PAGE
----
GIS users mix spatial data layers from an early age of GI science.

What is new in the concept of "mashup"?

Is it something really new, or only a trendy word?


A buzzword to give management something to annoy you with.


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    Man, I hate your answer but I love that you said 'Natch'. I'll just leave this alone and move along...+0 – Derek Swingley Aug 7 '10 at 6:24

Specifically a Mashup is taking data or functionality from different sources on the web and combining them within the browser to present to the user. It is more of a Web 2.0 term than a GIS specific one. It is often used to skirt round getting proper permission to use the data to create a derivative.


  • I agree that mashups are related to data 'on the web', but a huge majority of them do not combine spatial data: they simply display some geometries on top of google map. – julien Aug 6 '10 at 11:43
  • the general way that I was using the term 'combine' was intended to include showing data overlayed on top of google maps, etc. – JamesRyan Aug 6 '10 at 12:27
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    Who says it has to be "on the web" or "within the browser"? Does merging together disparate datasets in different ways in a desktop app not count as a mashup? – Mark Ireland Aug 23 '10 at 17:12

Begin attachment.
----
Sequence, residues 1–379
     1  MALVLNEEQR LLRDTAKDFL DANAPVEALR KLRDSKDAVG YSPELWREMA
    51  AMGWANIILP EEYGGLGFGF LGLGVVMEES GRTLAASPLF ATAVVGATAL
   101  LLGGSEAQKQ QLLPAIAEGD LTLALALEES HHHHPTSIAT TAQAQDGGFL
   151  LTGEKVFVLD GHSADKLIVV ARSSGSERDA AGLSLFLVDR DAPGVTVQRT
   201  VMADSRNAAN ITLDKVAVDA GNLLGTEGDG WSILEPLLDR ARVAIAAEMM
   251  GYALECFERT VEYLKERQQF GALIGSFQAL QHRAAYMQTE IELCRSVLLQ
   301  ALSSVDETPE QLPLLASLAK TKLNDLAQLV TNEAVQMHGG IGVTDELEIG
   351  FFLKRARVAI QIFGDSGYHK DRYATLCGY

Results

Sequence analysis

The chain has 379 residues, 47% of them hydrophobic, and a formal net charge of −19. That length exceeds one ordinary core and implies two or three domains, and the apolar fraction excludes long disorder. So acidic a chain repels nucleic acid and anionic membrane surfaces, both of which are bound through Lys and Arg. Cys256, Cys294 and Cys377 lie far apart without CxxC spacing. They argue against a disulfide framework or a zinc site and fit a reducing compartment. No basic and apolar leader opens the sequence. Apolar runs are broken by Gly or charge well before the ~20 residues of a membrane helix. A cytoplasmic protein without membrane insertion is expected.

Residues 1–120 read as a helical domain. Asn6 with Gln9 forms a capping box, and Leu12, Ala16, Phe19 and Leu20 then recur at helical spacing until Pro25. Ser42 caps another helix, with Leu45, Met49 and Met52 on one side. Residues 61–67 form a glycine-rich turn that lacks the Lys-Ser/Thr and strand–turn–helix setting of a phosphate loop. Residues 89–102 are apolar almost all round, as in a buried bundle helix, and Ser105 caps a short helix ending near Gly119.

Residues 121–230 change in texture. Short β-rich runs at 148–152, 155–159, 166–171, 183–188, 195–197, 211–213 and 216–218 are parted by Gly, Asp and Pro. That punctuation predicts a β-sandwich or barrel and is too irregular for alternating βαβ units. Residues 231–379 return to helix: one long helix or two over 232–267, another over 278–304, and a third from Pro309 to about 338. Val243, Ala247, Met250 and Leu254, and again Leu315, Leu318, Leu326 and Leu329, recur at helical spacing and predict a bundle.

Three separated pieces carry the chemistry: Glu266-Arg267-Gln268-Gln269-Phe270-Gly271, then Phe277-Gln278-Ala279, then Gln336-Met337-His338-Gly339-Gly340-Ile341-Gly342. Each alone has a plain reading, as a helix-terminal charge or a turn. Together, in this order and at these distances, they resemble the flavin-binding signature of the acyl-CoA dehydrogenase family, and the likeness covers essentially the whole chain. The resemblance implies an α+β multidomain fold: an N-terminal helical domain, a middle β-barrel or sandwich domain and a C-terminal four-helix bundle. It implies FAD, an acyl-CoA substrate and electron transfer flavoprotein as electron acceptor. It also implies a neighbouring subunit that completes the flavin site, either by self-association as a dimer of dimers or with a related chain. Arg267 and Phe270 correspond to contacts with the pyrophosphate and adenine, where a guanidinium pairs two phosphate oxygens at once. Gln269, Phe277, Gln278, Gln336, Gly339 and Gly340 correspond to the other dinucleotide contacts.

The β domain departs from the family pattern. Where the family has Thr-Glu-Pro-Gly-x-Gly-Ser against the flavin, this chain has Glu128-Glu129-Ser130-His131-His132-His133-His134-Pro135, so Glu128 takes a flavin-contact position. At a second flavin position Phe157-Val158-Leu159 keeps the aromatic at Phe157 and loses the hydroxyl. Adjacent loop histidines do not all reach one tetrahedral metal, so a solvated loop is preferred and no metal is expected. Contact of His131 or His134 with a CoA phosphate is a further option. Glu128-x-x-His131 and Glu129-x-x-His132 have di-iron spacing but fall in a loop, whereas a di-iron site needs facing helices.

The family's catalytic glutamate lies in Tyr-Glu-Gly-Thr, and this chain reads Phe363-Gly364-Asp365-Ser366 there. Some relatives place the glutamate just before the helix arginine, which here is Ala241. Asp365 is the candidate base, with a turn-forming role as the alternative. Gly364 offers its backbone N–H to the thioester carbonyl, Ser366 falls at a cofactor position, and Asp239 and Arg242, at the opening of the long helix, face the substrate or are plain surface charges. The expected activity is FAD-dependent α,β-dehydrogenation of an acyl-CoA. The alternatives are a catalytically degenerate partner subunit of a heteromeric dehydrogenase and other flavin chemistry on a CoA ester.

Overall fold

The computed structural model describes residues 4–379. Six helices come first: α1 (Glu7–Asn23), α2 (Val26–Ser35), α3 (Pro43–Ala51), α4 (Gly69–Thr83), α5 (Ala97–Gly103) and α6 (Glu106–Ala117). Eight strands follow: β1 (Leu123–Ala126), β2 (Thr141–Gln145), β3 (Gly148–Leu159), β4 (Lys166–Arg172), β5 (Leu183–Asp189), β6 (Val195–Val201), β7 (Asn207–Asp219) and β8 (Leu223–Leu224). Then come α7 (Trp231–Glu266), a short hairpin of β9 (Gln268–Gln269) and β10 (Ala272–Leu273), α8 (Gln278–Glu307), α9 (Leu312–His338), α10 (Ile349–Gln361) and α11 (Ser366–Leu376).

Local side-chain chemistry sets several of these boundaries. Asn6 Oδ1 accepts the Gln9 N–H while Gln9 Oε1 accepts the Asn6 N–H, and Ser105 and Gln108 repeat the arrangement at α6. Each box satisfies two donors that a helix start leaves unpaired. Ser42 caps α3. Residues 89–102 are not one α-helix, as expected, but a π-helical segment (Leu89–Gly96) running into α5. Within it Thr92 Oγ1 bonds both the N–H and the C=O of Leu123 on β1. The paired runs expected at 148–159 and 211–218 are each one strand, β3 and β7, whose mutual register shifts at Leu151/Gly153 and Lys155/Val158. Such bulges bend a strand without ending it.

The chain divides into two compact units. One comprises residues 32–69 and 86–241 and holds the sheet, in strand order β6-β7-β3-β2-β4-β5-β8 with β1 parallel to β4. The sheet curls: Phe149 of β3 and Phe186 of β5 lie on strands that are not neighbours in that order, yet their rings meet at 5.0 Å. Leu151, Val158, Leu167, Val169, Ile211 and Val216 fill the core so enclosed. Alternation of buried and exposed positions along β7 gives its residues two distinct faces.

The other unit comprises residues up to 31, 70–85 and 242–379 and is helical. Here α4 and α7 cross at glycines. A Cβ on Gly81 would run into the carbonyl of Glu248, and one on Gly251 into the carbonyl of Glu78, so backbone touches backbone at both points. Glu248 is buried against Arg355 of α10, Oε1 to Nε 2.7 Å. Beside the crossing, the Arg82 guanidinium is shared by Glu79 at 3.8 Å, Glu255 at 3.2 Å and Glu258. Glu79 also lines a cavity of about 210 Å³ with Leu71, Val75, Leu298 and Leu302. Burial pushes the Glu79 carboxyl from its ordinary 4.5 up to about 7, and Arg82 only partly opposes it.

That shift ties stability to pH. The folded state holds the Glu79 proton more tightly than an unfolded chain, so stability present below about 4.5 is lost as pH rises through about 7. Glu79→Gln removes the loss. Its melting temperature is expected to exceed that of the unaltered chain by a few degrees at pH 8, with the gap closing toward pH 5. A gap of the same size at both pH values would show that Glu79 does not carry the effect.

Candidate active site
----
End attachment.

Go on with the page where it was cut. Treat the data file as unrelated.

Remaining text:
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    The key part is that it is mixed on the fly for an end user. In an app you are generally processing it, exporting it together and then passing to an end user. If the app was a viewer that pulled from multiple sources and showed them together (to an end user) then perhaps. – JamesRyan Aug 24 '10 at 9:46

On a GIS context, a mashup is the process of combining multiple sources of data into one integrated spatial display. Usually, it's about extracting spatial data from a non-spatial source and displaying it on a map.

One nice and classic example is Forbes US Demographic statistics mashup using Google maps. alt text
(source: nerdmodo.com)

Another (important!) example is missing children. One can iterate over a list of missing children, geocode it to get the coordinates of each case, and place each one on a map. This way, you can see all cases of missing children near a specific city. This can be useful, for example, for placing relevant ads in post offices and police stations.

See http://www.missingkidsmap.com/ for a live example.

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